The L in L(M1) stands for “Language”, and as you might be able to tell from the set notation above, it’s defined as being the set of strings that the machine accepts. In the case of M1, its language is the set of all finite strings of 0s and 1s that contain the substring 11.

Another important term that often comes up when talking about languages is regular language. If a given machine is a finite automaton, its language is called a regular language. Likewise, if a given language is recognized by a finite automaton, it is a regular language.

The language of M1, that is L(M1), is a regular language.

We’ll shortly see how this relates to regular expressions, but first, we’ll need to look a little more at finite automata.

Deterministic and nondeterministic finite automata

When someone says “finite automaton”, they’re referring to one of the two types of finite automata:

Wikipedia defines DFA as follows:

  • each of its transitions is uniquely determined by its source state and input symbol, and
  • reading an input symbol is required for each state transition.

This may be confusing to understand but, simply put, DFA is deterministic in the sense that given any state and any input symbol, there is only one transition defined. The machine is always certain about its next state and where to transition to.

The machine M1, shown above, is a DFA.

On the contrary, NFA is nondeterministic in that for a given state and an input symbol, there might be several possible next states or none at all. The machine has a degree of uncertainty about its next state.

Here’s what an NFA might look like:

A diagram of an NFA

A DFA is a special case - a subset - of an NFA. Anything that a DFA can do, an NFA can do as well.

Now that we’ve looked at DFAs and NFAs, I think it’s a good time to look at regular expressions.

Regular expressions

Drawing state diagrams like the ones above whenever you need to think about or use finite automata can become a hassle. The mathematician Stephen Kleene wanted a way to describe regular languages more compactly, and so he came up with regular expressions in 1951.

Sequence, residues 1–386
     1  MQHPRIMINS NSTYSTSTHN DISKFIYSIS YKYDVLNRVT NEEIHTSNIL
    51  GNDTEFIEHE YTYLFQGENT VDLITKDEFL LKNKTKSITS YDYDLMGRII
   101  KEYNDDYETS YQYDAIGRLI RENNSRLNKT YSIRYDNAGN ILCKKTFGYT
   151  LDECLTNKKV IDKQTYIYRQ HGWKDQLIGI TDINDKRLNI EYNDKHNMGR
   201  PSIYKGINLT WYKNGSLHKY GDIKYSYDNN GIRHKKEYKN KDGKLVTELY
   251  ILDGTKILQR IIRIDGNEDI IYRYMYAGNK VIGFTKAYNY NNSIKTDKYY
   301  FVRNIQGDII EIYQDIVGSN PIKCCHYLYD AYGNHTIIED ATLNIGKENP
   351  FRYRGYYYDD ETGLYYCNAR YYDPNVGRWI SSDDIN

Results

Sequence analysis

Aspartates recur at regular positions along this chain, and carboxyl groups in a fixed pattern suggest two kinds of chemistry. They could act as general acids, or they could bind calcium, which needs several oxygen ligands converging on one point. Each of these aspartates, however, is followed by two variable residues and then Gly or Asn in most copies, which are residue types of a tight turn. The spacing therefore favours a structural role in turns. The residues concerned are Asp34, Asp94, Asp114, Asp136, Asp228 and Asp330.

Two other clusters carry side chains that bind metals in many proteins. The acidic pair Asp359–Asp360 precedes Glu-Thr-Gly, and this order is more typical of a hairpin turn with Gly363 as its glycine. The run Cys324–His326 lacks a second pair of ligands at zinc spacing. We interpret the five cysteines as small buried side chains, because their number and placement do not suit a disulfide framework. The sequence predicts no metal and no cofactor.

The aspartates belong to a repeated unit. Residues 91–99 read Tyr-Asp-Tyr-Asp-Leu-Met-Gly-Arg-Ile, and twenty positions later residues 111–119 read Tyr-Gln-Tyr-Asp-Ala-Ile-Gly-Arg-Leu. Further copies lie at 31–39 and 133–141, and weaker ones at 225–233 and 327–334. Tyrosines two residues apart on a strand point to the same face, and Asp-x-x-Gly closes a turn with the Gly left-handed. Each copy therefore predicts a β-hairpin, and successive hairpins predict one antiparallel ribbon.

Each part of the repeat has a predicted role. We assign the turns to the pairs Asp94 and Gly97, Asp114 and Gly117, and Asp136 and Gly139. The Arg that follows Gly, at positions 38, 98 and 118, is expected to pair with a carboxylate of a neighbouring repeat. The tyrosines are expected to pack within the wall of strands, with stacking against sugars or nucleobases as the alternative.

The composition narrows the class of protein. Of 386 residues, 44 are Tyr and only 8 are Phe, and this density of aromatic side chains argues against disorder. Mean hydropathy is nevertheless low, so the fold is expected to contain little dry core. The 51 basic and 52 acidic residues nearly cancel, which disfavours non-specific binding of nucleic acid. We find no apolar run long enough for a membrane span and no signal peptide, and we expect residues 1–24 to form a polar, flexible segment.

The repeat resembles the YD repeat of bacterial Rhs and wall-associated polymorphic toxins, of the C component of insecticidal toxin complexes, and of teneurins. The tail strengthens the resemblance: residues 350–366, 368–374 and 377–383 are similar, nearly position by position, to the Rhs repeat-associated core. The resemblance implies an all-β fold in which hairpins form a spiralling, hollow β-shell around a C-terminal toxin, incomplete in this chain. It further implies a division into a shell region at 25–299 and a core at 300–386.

A regular expression describes a finite automaton. As a matter of fact, a regular expression is a finite automaton, and vice versa.

(By the way, finite automata and regular expressions are also equivalent to the Type-3 grammar in the Chomsky hierarchy, which I won’t go into detail here.)

For the regular expression ab*c, we can create the following DFA:

A diagram of a DFA for the regex ab*c

The * here in the regular expression is a regular operator (much like how there are arithmetic operators) called a closure or Kleene star (or just a star). It concatenates strings in the language zero or more times; ab*c will match ac, abc, abbc, abbbc, abbbc.. you get the idea.

However, things get a little trickier if we decide to do more with regular expressions. Suppose we wanted to create a finite automaton for the regular expression abab|abbb. We can construct one like so (the state labels are excluded because I’m too lazy to put them all in when we’re not going to use them anyways):

A diagram of a NFA for the regex abab|abbb

This automaton is an NFA, so how can the machine know what state to transition next to? It can try and make a guess but issues can occur if the guess ends up being incorrect. We can fix this by converting this NFA to a DFA:

A diagram of a DFA for the regex abab|abbb

You might be wondering what if the NFA cannot be converted into a DFA — can NFAs always be converted into DFAs?

The answer turns out to be yes. The proof for that is out of the scope of this blog post but you can check out the paper ”Finite Automata and Their Decision Problems” if you’re interested.

However, there is a caveat. For the proof to work and to guarantee that your NFA can be converted into a DFA, you have to strictly stick to a finite automaton. Many modern regular expression engines are augmented with features that do not strictly adhere to this theoretical computer science definition.


I might write another post in the future that goes into more detail on one or several of the topics we touched here but I think I’ll wrap up this post here. We started by looking at a definition for abstract machines and then moved on to finite automata, both deterministic and nondeterministic ones, and finally looked a little more closely at regular expressions.

I did not mention some of the more formal and mathematical definitions (eg. a finite automata is a 5-tuple defined as M = (Q, Σ, δ, q0, F); looking up what the different symbols mean will be an exercise for you, the reader, if you’re interested). I also did not go into detail of the implementation of regular expression engines, but Russ Cox has written some great stuff on the topic (by the way, he’s the original author of Google’s RE2, a fast regex engine that runs in linear-time that combats ReDos).

I hope you enjoyed reading this and I’d love to hear if you have any comments/questions/feedback. You can reach out to me on Twitter. Until next time!